Do your research. Negotiating a salary is largely circumstantial and highly contingent on your current employment status. Should you currently be unemployed and seek work, you must have a realistic approach to what your earnings are likely to be. Your new salary may be closer to your old salary and may even fall below it. On the other hand, if you’ve been employed for a while and have a wide range of skills, you may be in a better position to negotiate a higher salary. 

Tip #8. “No” Doesn’t Mean Game Over

Rather than shying away from rejection, a negotiation doesn’t always begin until someone says “no”. After all, a large part of negotiating entails having a discussion wherein an agreement is sought with someone whose interests aren’t perfectly in sync with yours. Therefore the word “ no” is simply part of the process and not entirely indicative of how you’ve performed thus far. 

Examining the Broader Picture – Salary isn’t the Only Negotiation 

When negotiating your salary, it is important to remember that you are negotiating for more than just the money. You’re also negotiating the perks you receive by virtue of holding a job. Therefore, you should consider negotiating for some of the perks mentioned below such that your salary is more encompassing in its scope. 

  • Childcare – Raising a child can be financially draining and particularly time-consuming. By negotiating for childcare, working parents can potentially secure an easier working arrangement. 
  • Flexibility – Some people may prefer to be provided with a work-from-home option and be given the opportunity to work while travelling or according to a different schedule. These options may even seem more attractive in comparison to a higher salary. 
  • Health and Fitness – Apart from medical insurance, you should consider negotiating for additional benefits like fitness stipends that provide you with a gym membership. You should also enquire whether your company provides therapy or counselling for its employees as mental health is equally important.
  • Professional Development, Training and Certifications – Not all companies provide their employees with professional development or certification programs. If you are career-oriented and aspire towards better positions in the future, negotiating for these development resources is important. 

While the money you are paid serves as one of the most important factors to consider when assessing an employment offer, the aforementioned compensation suggestions should also be considered for fair salary negotiation. 

Salary Negotiation Example to Work With

Consider the following example that you can use to broach the topic of salary negotiation with your employer.

Thank you for sharing your job offer. I am pretty excited to work with your team, and would like to thank you for your considering me for this role. Before accepting your offer, I’d like to go over a few details.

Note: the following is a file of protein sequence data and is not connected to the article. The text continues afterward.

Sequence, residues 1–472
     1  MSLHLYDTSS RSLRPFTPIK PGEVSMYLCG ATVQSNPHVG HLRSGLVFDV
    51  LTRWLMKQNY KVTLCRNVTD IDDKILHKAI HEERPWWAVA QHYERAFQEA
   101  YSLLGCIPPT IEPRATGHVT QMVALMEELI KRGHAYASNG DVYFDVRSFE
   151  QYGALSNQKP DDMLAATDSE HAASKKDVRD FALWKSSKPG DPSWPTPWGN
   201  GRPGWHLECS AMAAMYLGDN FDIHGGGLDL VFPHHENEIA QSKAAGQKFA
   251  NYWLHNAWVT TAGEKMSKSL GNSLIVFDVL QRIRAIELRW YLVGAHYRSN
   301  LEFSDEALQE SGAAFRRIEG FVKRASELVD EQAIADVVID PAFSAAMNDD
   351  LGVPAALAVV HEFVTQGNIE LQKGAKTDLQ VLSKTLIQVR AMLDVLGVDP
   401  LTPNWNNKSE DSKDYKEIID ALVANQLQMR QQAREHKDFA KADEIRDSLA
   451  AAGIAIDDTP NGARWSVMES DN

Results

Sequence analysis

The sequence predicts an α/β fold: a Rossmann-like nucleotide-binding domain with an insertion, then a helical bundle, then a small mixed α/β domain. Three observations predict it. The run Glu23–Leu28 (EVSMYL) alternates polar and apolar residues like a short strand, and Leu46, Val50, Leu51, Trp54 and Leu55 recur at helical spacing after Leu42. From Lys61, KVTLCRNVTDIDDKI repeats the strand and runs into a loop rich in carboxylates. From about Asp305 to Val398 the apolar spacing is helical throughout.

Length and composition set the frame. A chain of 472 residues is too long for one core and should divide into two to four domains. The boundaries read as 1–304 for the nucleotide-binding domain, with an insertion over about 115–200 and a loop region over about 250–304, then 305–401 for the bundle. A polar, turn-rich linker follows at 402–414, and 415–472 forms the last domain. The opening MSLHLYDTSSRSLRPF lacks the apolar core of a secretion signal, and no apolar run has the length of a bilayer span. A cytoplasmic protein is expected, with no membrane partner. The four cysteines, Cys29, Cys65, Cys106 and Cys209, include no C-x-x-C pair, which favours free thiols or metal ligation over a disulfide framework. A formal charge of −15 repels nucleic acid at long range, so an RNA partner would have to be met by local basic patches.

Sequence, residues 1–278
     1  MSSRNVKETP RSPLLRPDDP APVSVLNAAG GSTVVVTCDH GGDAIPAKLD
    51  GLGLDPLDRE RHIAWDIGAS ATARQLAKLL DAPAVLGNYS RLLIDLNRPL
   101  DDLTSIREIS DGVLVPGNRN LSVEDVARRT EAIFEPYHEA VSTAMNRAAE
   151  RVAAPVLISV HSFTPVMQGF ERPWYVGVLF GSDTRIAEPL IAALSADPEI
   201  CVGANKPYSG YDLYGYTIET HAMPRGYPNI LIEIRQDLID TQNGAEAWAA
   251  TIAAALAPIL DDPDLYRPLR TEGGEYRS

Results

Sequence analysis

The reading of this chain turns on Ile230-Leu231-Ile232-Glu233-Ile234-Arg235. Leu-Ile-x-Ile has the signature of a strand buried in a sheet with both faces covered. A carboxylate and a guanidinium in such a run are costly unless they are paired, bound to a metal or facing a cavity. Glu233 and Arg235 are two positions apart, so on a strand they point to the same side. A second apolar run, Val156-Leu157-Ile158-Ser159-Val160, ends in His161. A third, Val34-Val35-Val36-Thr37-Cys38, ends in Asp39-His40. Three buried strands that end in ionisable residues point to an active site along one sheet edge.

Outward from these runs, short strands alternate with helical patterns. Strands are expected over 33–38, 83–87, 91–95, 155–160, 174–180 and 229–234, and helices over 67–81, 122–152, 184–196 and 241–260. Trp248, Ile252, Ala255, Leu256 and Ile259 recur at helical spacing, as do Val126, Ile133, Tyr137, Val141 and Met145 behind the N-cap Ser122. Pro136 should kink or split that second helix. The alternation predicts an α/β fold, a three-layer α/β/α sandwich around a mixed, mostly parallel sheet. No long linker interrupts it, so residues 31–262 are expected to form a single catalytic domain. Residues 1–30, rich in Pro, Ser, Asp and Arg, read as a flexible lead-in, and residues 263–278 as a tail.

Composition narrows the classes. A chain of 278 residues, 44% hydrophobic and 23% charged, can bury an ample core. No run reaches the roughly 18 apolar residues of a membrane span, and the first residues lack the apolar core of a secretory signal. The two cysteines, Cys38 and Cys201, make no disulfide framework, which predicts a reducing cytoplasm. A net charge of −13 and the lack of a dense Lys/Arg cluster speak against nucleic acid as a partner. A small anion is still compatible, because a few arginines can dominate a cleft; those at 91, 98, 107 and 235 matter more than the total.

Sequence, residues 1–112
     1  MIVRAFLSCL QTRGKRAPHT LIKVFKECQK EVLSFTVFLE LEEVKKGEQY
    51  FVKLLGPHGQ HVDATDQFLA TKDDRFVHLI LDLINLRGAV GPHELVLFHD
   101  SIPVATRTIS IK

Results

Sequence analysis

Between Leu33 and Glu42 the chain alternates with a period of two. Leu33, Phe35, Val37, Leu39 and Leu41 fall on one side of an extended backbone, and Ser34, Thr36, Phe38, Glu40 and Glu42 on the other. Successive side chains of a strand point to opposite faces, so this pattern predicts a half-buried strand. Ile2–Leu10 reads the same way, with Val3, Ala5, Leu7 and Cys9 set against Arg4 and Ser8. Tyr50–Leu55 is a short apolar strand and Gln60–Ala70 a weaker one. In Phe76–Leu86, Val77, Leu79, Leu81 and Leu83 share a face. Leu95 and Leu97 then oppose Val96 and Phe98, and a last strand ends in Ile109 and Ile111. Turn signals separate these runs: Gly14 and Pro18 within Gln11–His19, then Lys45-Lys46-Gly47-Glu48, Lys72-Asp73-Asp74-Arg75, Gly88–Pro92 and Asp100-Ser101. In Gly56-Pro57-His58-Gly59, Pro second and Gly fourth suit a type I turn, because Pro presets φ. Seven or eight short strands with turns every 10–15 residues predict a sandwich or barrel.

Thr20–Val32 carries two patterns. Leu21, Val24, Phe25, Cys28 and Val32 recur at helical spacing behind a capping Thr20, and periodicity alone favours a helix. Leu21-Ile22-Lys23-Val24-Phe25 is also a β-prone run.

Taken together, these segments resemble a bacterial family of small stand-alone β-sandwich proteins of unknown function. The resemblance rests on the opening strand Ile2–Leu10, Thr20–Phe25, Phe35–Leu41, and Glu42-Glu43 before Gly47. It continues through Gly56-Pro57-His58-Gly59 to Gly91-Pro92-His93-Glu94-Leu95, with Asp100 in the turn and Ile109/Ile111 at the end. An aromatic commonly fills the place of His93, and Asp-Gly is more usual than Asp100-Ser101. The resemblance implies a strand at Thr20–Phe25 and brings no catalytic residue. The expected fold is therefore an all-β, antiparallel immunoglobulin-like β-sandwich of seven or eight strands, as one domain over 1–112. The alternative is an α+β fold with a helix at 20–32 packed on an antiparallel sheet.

As I have mentioned before, I have over eight years of experience in this field and have occupied leadership positions for the past four years. I’ve received a bunch of accolades in my previous roles, and have helped the company secure a 15 per cent higher annual revenue. 

Keeping in mind my experience and skill-set, I’d like to propose a revised compensation that falls in the range of ₹11,50,000 to ₹12,00,000. This is slightly higher in comparison to your offer of ₹10,00,000. 

With my skills and experience, I can bring tremendous value to your company, and I am confident in growing the business.

So with due consideration, I request you to reconsider at the current compensation offered, and I’d be more than happy to take up any questions you may have.

Wrapping Up

To sum up, salary negotiations can be understood as the discussions that take place between yourself and a representative of the current (or prospective) company you work for. An employee belonging to the HR department of your office will be present during this conversation if not the primary individual with whom you wish to speak (like your prospective manager).

Contrary to popular belief, salary negotiations don’t have to be hard and bitter conversations. You have to believe that you’re both working towards what’s best for you. A productive salary negotiation transpires when individuals acknowledge and accept that employees should receive an adequate payment that aligns with their worth. 

At Fi, we’ve always looked at each of our employees as more than just employees. Each of us is building the future of banking and fintech together. And that reflects in what we pay our team. From policies and perks to ESOPs, we’d like to think we’re fair and to a great extent, among the best places to work at. Looking to work with us? Check out our open roles here.

Frequently Asked Questions:

Q1. What are 5 tips for negotiating salary?

A1. Five fast tips for negotiating a salary are as follows.

  1. Do your best to be likeable
  2. Explain why you deserve what you want 
  3. Understand your employer’s point of view
  4. Be ready to answer tough questions
  5. Simultaneously negotiate multiple issues rather than tackling them in serial order

Q2. What should I say in a salary negotiation?

A2. When negotiating your salary, be sure to include the following.

  • The salary range you seek.
  • Simultaneously negotiate multiple issues rather than tackling them in serial order.
  • Rather than simply stating everything it is that you want, highlight the importance of each factor you want to be addressed.

Q3. How much can you negotiate salary?

A3. You can negotiate your salary best by figuring out who you will be negotiating with and understanding where they are coming from. By accurately pinpointing the areas where they are likely to be flexible and where they aren’t willing to compromise, you will be in a better position to ask for things that are more likely to be acquiesced to.

Q4. How do I prepare for a salary negotiation?

A4. Prepare to negotiate your salary in the following ways.

  • Do adequate research on current salaries for your skill set, qualifications, and job title such that you can outline a fair salary range for your employer.
  • Practice how to come across as likeable while getting your point across by having practice discussions with your friends
  • Be prepared to answer difficult questions without losing your cool or by losing your bargaining chips.